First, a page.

in ,

Abandoned: Original Tiger Stadium in Detroit

Tiger Stadium Abandoned

Tiger Stadium, previously known as Navin Field and Briggs Stadium, was known as “The Corner” for its location at the intention of Michigan and Trumbull Avenues. 

What happened to the former Tiger Stadium in Detroit? What’s on that land now? Well, you’re going to learn of all that. 

But first, what makes a good stadium? Well, that answer can vary, but a good stadium can make or break a sporting event. Now, a lot of people love to see new stadiums, which are beautiful on the eye, but I prefer an old stadium with history. Which is why sometimes seeing an abandoned stadium hurts my soul.

Unfortunately, at the turn of the century, the former Tiger Stadium — a beloved Detroit area landmark — fell from grace. The Detroit Tigers were founded in 1901, making the franchise one of the earliest existing teams in MLB history. 

In 1912, the Detroit Tigers played their home opener at Navin Field in the Corktown neighborhood of Detroit. 

— Make sure to check out our podcasts here at the Sports ON Tap — 

Not only did the Detroit Tigers play There for 80 years, YES 8 – 0, from 1912 to 1999. 

But the Detroit Lions of the NFL also called Tiger Stadium home for 34 years from 1938 to 1974, and they even hosted two NFL Championship Games there in 1953 and 1957. Yes, basically the Super Bowl before the Super Bowl got its name in 1967.

There are 2 other notable events that happened at Tiger Stadium that must be mentioned for sports fans, before I get back to Baseball.

In 1939, boxer Joe Louis defended his world heavyweight title with an 11th round knockout of Bob Pastor. 

& on October 5th 1951, the Notre Dame football played the University of Detroit at Briggs Stadium in front of 52,000 fans. It was the first ever Notre Dame football game played at night, and they beat the living hell (pun, intended) out of Detroit 40-6. 

Anyways, back to baseball. The Tigers have a rich history and have won 4 World Series in their history, all 4 of them came during their time at this stadium. Winning in 1935, 45. 68. And 84. 

The stadium also hosted the 1941, 1951, and 1971 MLB All-Star Games

& it was the stadium where New York Yankees legend Lou Gehrig famously benched himself during what would be the final game of his career due to ALS disease, which is now known as Lou Gehrig Disease as well. That not only ended his career but a streak of 2.130 consecutive games played. 

On top of it all, on July 18th of 1921, Babe Ruth, yes THE Babe Ruth hit what is believed to be the longest home run in MLB history. The ball clear the stadium in center field and landed in the street. The estimated distance has been listed at 575 Feet.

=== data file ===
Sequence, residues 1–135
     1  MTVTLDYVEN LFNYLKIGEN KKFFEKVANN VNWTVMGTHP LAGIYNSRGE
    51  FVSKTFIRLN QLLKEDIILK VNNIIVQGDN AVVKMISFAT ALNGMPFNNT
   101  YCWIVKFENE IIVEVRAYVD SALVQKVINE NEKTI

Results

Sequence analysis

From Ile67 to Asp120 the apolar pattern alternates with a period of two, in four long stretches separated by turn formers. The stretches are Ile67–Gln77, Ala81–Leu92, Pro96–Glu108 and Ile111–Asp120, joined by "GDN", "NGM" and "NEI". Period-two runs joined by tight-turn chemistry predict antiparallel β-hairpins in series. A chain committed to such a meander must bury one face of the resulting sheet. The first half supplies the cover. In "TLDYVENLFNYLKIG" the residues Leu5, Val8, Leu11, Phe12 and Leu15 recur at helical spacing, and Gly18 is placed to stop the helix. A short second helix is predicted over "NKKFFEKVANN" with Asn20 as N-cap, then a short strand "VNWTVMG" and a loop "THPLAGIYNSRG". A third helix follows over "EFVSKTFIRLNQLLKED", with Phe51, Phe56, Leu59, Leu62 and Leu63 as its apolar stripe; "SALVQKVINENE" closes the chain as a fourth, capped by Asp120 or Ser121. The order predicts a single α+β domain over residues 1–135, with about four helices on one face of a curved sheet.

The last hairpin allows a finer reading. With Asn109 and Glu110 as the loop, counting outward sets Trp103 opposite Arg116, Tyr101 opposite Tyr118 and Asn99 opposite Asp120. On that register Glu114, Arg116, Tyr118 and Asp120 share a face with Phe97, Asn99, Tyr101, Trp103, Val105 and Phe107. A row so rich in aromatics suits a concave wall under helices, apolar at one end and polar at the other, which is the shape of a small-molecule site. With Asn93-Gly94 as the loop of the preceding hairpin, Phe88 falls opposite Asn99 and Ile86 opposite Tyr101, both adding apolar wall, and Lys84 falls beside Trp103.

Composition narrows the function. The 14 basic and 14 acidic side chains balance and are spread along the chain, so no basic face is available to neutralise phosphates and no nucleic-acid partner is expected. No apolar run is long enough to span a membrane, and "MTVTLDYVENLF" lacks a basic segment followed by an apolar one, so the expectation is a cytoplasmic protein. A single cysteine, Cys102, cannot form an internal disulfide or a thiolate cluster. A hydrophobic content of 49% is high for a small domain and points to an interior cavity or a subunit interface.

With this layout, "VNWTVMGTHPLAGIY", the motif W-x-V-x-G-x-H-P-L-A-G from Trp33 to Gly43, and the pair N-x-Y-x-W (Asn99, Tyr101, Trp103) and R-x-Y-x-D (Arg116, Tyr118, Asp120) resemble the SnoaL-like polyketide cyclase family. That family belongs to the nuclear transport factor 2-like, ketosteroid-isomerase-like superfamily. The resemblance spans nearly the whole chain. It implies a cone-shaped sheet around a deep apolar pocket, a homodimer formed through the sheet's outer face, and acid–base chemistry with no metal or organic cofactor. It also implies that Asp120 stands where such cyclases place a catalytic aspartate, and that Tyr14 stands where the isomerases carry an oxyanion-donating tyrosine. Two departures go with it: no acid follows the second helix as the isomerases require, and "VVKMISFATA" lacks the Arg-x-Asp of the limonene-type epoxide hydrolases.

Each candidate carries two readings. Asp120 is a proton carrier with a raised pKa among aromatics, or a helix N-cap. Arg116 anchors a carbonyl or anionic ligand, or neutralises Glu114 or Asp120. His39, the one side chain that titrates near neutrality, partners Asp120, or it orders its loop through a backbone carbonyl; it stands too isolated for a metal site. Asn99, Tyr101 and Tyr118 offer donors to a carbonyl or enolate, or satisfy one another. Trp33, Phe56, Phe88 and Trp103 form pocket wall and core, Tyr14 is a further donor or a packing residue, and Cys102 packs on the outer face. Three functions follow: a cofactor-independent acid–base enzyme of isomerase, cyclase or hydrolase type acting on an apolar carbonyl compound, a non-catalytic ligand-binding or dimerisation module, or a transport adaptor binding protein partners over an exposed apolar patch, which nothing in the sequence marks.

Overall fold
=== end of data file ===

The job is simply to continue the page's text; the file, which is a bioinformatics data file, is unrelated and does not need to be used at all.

Unfortunately, by the mid-1990s, Tiger Stadium had grown outdated, so the team began constructing a new stadium in 1997… The Tigers played their final game there 2 years later in 1999 before moving over to Comerica Park in 2000. 

Leaving Tiger Stadium unused and abandoned. 

After years of effort to persevere the stadium, the city rejected the plans and Tiger Stadium was demolished over a years span. The demolition was finale in 2009. 

But wait, there’s actually a happy ending to this story. 

The original field remains where the stadium once stood. 

During the summer of 2010, a group calling itself “The Navin Field Grounds Crew” began maintaining the playing field and hosting vintage baseball, youth baseball, and softball games at the site. There was at one time also a sign on the enclosing fence labeling the site “Ernie Harwell Park”.

On December 16, 2014, a $33 million project to redevelop the old Tiger Stadium site was approved by Detroit’s Development Corporation. 

Development plans included a four-story building along Michigan Avenue with about 30,000 square feet of retail space and 102 residential property rental units.

Along Trumbull Avenue, 24 town homes were planned for sale. Detroit’s Police Athletic League (PAL) headquarters would relocate to the site and maintain the field. PAL would build its new headquarters and related facilities on the western and northern edges of the site while preserving the historic playing field for youth sports, including high school and college baseball. 

Construction of the project began in June 2016.

In 2018, the Corner Ballpark opened at the site. So thankfully, the historic site still remains, and the love of Tiger Stadium in Detroit can still be visited. 

Written by Sami Jarjour

The Co-Founder of Sports ON Tap & Host of "Stuff That Matters w/ Sami Jarjour" Podcast & Co-Host of "Pod That: Two Brothers Talkin' Sports"

Leave a Reply

Your email address will not be published. Required fields are marked *

This site uses Akismet to reduce spam. Learn how your comment data is processed.